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The Live on Main concert, which closed down a stretch of Highway 51 and corralled thousands of people to the center to town on Friday night, almost didn’t happen.

“So many people told me this would never, ever work,” said Curtis Conley, the event coordinator. “It was like every step of the way, people were skeptical and convinced we couldn’t pull it off.”

But Conley, with the help of headliner Jason Isbell, did just that.

Roughly 5,000 concert-goers filled the street on Friday in an event that Conley and city officials deemed an overall hit. While general admission was free, all of the VIP tickets, which ranged from $25 to $200, were sold out.

“We’re extremely happy with the event; we got everything we wanted out of it,” Conley said. “It feels really good to say, yes, we did pull it off.”

And everything, from the parking to the detours, went smoothly, said Assistant City Manager for Economic Development Gary Williams.

“It was well-attended and everyone seemed to be having fun,” Williams said. “If we can continue to have positive events that draw people to our downtown, the city would be interested in having more events like this.”

In fact, that’s exactly what Conley, who is the president of Carbondale Music Coalition, has in mind.

Conley sees Live on Main as a catalyst — for the city’s independent music scene, for a friendlier view of downtown, for more things like Friday’s show. He wants to launch Live on Main as a series, with six shows per year at different locations around town.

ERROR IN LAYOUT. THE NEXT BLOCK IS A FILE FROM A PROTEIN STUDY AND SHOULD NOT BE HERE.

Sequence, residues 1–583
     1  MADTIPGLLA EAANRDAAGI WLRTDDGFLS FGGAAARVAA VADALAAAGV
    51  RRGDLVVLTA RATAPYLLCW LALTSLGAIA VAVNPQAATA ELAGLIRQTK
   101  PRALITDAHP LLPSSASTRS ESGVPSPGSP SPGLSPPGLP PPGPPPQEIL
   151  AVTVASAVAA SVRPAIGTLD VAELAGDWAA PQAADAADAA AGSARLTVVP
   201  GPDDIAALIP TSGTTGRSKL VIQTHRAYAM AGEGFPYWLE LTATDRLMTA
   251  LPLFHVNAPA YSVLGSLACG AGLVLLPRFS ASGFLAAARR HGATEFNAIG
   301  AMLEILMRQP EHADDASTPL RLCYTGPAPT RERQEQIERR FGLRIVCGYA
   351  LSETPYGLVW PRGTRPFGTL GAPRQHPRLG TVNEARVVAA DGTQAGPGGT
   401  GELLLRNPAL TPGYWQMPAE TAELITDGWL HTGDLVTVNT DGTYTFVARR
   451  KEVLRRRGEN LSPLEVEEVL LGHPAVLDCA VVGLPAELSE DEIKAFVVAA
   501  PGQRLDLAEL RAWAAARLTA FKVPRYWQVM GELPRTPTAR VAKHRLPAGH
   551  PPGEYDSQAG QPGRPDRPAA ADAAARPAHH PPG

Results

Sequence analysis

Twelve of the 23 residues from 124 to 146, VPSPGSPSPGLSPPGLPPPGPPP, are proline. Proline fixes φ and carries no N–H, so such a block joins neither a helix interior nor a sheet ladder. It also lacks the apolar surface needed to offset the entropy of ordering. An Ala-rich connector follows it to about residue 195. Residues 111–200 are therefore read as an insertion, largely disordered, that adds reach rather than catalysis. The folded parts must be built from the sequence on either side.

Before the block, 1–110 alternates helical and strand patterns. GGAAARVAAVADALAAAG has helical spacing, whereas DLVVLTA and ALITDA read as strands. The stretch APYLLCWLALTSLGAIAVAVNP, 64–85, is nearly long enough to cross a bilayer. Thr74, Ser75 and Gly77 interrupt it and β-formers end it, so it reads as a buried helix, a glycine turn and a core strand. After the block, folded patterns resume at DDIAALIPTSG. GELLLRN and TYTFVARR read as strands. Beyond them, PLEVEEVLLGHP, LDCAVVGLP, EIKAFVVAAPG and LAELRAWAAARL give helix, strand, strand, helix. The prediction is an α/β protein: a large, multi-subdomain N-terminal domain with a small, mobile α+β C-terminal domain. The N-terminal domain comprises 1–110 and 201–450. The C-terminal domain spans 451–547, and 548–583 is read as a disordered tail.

“The first time I looked out on the crowd and saw a big portion of them singing along, word for word, that really stood out to me,” Conley said. “You see people dancing around, embracing the same moment and I knew it was working. It was catching on.”

Along with adding a spark to The Strip, the concert brought a lot of out-of-town visitors to Carbondale.

Liz Darby drove from St. Louis to catch Jason Isbell on stage for free, and she was pleasantly surprised at how the small-town-show was set up.

“You definitely felt a buzz that this was an exciting event for the town and people were enjoying each other whether they really knew what was going on stage or not,” said Darby, 31. “There was quite a mix of people there, which made it seem like the event was successful at really pulling people of all types together to check out what was happening.”

Moving forward, Conley hopes the community is on board for more shows of the Live on Main variety.

{span id=”docs-internal-guid-90a7f5b2-5e04-4ea5-8aca-039fb42e8124”}{span id=”docs-internal-guid-90a7f5b2-5e04-4ea5-8aca-039fb42e8124”}“Everyone is quick to talk negatively about The Strip and something like this can really turn that around,” Conley said. “We’re trying to bring a light to this town that really seems to need it.” {/span}{/span}

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859-797-2474 618-351-5074 amanda.hancock@thesouthern.com @Amanda1hancock

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Amanda Hancock is a reporter covering Franklin and Perry counties.

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